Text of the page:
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Lancet. 1999 Sep 18;354(9183):983-6.

Effect of second vaginal delivery on anorectal physiology and faecal continence: a prospective study.

Author information

1
Department of Obstetrics and Gynaecology, University College Dublin, National Maternity Hospital, Ireland.

Abstract

BACKGROUND:

Because obstetric injury to the anal sphincters may be occult, and because the mechanism of injury differs between first and subsequent deliveries, we prospectively assessed the effects of first and second vaginal deliveries on anal physiology and continence.

METHODS:

We undertook a prospective observational study of 59 previously nulliparous women through two successive vaginal deliveries by means of a bowel-function questionnaire, and an anorectal-physiology assessment, both antepartum and 6-12 weeks post partum.

FINDINGS:

13 (22%) women reported altered faecal continence after their first vaginal delivery: eight had persistent symptoms during their second pregnancy, of whom seven deteriorated after the second delivery; five regained continence before their second pregnancy, but two became incontinent again after the second delivery. Five women developed incontinence for the first time after their second vaginal delivery, of whom three had occult primiparous sphincter injury. 20 (34%) women, seven of whom had no symptoms, had anal-sphincter injury as a result of their first delivery, but only two new injuries occurred after the second vaginal delivery (p=0.013). Although pudendal neuropathy was no more common after the second than after the first vaginal delivery (15 vs 19%, p=0.8), pudendal-nerve latency was longer after the second delivery (p=0.02).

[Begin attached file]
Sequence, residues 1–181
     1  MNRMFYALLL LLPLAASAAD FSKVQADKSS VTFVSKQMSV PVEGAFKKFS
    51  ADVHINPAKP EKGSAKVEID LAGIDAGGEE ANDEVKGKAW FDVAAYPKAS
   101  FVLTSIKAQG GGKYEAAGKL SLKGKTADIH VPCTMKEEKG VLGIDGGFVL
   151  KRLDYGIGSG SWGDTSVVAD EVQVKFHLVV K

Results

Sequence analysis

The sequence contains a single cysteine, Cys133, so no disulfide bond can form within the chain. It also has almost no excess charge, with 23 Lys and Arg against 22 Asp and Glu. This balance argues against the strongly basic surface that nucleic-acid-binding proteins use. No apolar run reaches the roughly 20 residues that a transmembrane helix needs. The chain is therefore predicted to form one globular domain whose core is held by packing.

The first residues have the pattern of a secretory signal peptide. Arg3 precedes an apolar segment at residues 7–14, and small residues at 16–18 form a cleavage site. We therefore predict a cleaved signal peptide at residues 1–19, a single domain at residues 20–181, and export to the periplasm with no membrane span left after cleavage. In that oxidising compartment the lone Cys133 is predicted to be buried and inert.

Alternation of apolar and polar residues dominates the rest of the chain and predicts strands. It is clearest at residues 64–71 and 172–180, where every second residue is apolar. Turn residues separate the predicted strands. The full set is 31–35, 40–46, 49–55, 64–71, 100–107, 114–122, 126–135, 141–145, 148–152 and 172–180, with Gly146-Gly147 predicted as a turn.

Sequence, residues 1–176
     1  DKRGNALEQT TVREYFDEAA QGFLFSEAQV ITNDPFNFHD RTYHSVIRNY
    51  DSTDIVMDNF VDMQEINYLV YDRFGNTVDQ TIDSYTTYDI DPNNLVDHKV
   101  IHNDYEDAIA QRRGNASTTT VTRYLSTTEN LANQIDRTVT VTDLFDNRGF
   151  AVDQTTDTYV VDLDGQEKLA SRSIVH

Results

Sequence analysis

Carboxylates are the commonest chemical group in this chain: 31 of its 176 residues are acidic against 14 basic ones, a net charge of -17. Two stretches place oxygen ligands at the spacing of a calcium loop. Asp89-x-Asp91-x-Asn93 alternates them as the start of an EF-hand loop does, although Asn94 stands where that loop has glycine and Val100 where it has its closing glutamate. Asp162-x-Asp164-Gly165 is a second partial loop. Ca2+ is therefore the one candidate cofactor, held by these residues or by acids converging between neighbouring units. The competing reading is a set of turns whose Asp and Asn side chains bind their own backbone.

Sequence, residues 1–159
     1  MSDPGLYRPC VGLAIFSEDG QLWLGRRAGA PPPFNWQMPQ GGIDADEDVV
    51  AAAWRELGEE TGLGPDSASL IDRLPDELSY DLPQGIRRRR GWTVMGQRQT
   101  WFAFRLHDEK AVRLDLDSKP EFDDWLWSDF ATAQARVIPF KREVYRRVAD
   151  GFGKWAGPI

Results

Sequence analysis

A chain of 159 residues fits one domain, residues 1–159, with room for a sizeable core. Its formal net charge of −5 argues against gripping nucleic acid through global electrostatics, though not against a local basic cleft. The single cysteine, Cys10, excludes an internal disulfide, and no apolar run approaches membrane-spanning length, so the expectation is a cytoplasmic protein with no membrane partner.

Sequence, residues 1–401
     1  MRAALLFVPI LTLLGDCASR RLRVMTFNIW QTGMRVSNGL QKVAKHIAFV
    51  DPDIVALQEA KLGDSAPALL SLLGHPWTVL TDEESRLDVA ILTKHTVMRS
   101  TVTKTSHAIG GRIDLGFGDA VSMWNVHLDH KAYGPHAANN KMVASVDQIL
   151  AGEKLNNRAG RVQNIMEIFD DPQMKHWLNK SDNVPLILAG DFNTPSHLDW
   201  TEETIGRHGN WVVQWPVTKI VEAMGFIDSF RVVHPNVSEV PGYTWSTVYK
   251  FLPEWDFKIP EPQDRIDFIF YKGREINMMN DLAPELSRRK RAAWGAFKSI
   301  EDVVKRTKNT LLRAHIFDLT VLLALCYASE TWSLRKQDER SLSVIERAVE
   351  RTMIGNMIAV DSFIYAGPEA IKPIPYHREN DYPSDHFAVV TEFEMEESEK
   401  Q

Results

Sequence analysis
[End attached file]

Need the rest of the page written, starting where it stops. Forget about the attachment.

INTERPRETATION:

Primiparous women with persistent symptoms of altered faecal continence experience deterioration after a second vaginal delivery. Women with transient faecal incontinence or occult anal-sphincter injury after their first vaginal delivery are at high risk of faecal incontinence after a second vaginal delivery. The risk of mechanical anal sphincter injury is greatest after the first delivery.

PMID:
10501360
DOI:
10.1016/S0140-6736(98)11205-9
[Indexed for MEDLINE]

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